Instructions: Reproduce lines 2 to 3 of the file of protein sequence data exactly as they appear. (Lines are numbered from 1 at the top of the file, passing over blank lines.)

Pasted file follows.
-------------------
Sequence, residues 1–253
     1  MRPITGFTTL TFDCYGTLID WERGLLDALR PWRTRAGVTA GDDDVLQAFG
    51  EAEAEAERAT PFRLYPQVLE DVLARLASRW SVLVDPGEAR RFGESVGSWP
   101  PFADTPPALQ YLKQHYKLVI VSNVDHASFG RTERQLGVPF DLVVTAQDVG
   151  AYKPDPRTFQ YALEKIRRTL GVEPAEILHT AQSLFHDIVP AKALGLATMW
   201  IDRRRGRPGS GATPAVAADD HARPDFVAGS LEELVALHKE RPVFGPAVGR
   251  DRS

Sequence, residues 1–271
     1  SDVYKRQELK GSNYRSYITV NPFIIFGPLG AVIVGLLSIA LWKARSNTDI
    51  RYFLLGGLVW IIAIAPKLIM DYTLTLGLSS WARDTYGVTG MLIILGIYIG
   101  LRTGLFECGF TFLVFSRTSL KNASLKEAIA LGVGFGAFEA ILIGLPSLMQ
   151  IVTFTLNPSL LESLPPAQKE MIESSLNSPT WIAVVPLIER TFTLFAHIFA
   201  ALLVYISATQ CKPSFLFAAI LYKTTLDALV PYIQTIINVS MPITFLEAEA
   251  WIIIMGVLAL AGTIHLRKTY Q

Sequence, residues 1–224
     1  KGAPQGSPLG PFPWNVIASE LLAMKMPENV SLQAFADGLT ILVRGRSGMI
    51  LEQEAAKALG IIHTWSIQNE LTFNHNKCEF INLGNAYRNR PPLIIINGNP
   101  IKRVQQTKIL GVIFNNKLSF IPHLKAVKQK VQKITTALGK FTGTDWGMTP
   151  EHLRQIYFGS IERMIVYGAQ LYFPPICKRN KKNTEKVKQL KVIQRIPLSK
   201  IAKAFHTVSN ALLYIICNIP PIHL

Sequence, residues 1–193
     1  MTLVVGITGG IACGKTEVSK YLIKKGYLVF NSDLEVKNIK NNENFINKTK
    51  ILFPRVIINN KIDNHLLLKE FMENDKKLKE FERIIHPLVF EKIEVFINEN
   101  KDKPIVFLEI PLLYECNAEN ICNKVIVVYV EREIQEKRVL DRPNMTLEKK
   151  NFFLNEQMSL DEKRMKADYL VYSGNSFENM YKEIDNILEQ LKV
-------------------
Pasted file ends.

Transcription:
     1  MRPITGFTTL TFDCYGTLID WERGLLDALR PWRTRAGVTA GDDDVLQAFG
    51  EAEAEAERAT PFRLYPQVLE DVLARLASRW SVLVDPGEAR RFGESVGSWP